When you take a pill to prevent conception, you're intending contraception, or you're using contraception as a necessary means to effect something else. Calling it "self-defense" doesn't change that fact, just as calling abortion "self-defense," even after rape, doesn't make it permissible.

    4. This is not recognizable as a reply to my last comment. You’ve simply ignored the distinctions and arguments I made. I can only urge you to reread it.

    Beautiful little girl said by the mother herself to be the result of rape. Good comes of evil. God has His plans. Who are we to employ our hocus-pocus after the generative act is completed, even if it is not consensual?

    1. This is total foolishness. Of course God brings good from evil. No evil is ever permitted by God otherwise. To be consistent, you must also affirm that women should never resist rape at all—not before, during, or after. That in fact no one may ever resist any evil, whether against themselves or anyone else.

    2. It is a fact that under certain circumstances it would be in a woman's best interests NOT to resist rape. If she knows she risks a severe beating for example she may do her best to stay calm and not resist.

      This is not the same as resisting any evil. You are extrapolating the principle way out to an opposite pole.

    3. Thanks for the link, Sandpiper. I was not aware of that story. And I think you put the general argument well. Being against the "hocus-pocus" means that one is taking Catholic teaching seriously, not that one is against resisting rape or in favor of being passive in the face of evil or whatever.

  5. If the woman is not choosing any sexual behavior, then she cannot be choosing any disordered sexual behavior.

    I think this is where Nicholas (and Janet Smith, by the way) have the best of the discussion.

    The intrinsic evil is the contradiction between the (willed) sex act and the contraceptive. The UN-willed sex act brings licit self-defense into the argument.

    1. correction:

      "The intrinsic evil is the contradiction between the (willed) sex act and ?USE OF the contraceptive."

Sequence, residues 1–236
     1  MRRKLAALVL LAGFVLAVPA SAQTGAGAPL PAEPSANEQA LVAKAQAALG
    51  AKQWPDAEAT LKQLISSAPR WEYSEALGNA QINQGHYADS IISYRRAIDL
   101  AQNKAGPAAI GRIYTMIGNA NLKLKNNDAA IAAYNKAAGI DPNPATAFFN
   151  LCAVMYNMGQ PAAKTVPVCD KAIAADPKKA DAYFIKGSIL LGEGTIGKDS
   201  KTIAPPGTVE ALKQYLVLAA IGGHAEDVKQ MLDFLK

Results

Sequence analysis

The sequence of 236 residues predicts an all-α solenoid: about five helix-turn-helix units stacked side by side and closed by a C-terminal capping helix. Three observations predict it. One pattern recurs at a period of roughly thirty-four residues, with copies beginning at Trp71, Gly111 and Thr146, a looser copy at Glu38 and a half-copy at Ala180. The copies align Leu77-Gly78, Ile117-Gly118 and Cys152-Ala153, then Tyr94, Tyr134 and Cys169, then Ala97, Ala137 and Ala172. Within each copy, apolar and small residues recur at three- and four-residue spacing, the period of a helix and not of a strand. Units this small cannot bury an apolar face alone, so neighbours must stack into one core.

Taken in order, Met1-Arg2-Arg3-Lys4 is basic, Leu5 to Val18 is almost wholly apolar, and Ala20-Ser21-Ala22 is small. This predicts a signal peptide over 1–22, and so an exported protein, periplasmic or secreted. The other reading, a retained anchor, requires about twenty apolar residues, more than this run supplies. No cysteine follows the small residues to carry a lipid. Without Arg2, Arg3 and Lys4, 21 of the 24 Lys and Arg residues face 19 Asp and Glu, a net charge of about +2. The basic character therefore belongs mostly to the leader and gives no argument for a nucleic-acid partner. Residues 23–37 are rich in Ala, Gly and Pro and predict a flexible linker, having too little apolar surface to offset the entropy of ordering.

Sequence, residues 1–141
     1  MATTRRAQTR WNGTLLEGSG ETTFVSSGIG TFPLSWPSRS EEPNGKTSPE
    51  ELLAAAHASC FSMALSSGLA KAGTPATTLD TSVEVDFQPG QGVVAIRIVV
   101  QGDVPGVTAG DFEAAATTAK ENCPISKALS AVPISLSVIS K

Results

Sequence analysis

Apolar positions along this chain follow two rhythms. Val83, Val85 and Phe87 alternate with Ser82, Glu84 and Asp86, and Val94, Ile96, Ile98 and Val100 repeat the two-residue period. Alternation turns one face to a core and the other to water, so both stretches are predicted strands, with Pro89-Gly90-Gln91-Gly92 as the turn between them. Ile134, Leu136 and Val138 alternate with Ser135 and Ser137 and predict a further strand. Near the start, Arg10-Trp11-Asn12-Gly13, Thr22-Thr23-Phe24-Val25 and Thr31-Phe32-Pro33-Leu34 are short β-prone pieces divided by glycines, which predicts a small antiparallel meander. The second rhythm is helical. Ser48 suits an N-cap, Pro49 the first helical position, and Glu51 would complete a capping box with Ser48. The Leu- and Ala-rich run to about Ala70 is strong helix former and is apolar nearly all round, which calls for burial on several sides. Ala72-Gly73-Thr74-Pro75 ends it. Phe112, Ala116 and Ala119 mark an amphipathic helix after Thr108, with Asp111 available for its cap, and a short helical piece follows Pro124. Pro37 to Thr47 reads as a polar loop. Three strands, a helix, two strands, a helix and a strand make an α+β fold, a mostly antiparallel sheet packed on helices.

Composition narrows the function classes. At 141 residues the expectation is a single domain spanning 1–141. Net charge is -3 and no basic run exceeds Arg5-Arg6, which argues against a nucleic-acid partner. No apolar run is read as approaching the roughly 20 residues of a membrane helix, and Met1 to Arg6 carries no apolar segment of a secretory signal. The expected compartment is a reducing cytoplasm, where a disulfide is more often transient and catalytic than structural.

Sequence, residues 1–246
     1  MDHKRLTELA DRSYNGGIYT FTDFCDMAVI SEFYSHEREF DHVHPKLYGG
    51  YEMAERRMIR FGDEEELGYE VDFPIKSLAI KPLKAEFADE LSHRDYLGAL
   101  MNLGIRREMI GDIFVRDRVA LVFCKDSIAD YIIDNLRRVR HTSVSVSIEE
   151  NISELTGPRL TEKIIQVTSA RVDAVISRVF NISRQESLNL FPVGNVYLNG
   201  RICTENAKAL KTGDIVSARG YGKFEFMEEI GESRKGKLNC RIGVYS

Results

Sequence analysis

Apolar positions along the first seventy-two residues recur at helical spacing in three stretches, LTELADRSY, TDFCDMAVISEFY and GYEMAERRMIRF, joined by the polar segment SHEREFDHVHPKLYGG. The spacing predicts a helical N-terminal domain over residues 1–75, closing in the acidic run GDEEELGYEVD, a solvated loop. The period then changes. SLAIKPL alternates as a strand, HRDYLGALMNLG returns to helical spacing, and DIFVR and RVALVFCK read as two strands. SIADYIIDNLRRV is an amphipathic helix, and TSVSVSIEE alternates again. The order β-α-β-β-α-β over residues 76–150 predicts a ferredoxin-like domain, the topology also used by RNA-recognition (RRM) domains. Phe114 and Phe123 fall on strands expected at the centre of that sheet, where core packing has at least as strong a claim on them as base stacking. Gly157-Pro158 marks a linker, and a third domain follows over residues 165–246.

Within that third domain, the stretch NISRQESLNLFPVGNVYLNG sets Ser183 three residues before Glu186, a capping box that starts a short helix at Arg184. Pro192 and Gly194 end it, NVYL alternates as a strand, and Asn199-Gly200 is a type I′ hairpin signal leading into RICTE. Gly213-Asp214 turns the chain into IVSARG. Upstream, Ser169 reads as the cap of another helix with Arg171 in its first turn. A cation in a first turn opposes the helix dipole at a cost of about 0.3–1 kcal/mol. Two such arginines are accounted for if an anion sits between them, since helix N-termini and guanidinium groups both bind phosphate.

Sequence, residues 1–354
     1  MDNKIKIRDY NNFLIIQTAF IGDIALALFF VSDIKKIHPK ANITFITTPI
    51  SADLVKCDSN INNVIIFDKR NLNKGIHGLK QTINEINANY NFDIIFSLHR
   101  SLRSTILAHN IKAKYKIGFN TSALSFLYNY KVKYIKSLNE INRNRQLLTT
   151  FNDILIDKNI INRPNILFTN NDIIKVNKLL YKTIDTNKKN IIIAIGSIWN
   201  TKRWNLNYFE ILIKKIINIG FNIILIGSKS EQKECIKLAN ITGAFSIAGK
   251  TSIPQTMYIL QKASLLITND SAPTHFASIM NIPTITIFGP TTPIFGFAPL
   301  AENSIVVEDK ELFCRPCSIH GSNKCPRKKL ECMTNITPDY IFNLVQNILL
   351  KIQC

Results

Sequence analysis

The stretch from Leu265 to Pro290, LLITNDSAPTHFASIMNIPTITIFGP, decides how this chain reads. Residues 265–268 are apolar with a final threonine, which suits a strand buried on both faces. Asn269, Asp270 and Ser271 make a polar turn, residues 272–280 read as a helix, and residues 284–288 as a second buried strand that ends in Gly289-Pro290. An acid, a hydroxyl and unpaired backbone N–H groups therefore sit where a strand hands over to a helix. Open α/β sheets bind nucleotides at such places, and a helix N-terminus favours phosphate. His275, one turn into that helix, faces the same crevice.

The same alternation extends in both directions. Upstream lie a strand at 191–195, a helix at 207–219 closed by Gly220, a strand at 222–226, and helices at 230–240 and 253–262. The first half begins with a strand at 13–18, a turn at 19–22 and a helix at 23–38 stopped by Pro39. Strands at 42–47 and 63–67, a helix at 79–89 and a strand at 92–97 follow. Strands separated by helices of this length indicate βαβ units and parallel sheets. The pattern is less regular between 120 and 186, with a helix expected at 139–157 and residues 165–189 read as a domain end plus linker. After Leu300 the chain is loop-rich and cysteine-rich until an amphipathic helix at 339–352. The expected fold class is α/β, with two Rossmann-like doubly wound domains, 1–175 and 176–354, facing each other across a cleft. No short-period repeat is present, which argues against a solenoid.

2. The result of contraception in cases of willed acts, and un-willed acts is the same. That sameness is what rules here - not the willing or unwilling of the act.

      Your argument can lead to the position that abortion is ok if it is the result of rape. What's the difference between stopping a pregnancy after rape by using something to prevent conception, and getting rid of the product of the conception later?

      Surely contraception is contraception in the ACT and the INTENT no matter what the circumstances. I do it (act of stopping conception) because (intent) I was raped and don't want to get pregnant. Pretty clear.

      When God made His laws, He perceived every single circumstance and excuse we could possibly encounter - yet He still made His laws. Is it possible that God did not foresee rape? Did He not foresee the development of drugs that might 'help' us out of these messes?

    3. 1) Remember that for an act to be immoral, INTENTION is required!

      2) Your argument can lead to the position that abortion is ok if it is the result of rape

      No it cannot.

  6. Oakes, I’m a big fan of your site, and I have been for some time, but I must disagree with you here. I think you’re imputing a moral value to sexual acts outside of wedlock that does not exist.
    Let us agree on the following Catholic teachings, which I summarize here in grossly over-simplified form – and forgive me if I, too, get “slightly gross”:

    1) God wills that married couples should perfect their union through acts of sexual intercourse that are fully open to new life. Where married couples engage in acts that thwart that openness (e.g., use of contraceptive devices, engagement in deliberately infertile activities), they sin.

    2) God wills that human beings should not be murdered, irrespective of how they were conceived. Actions that inflict such murder (e.g., surgical abortions; use of abortifacient drugs) are sinful.

    3) All consensual sexual contact outside of marriage is sinful.

    4) All non-consensual sexual contact is sinful.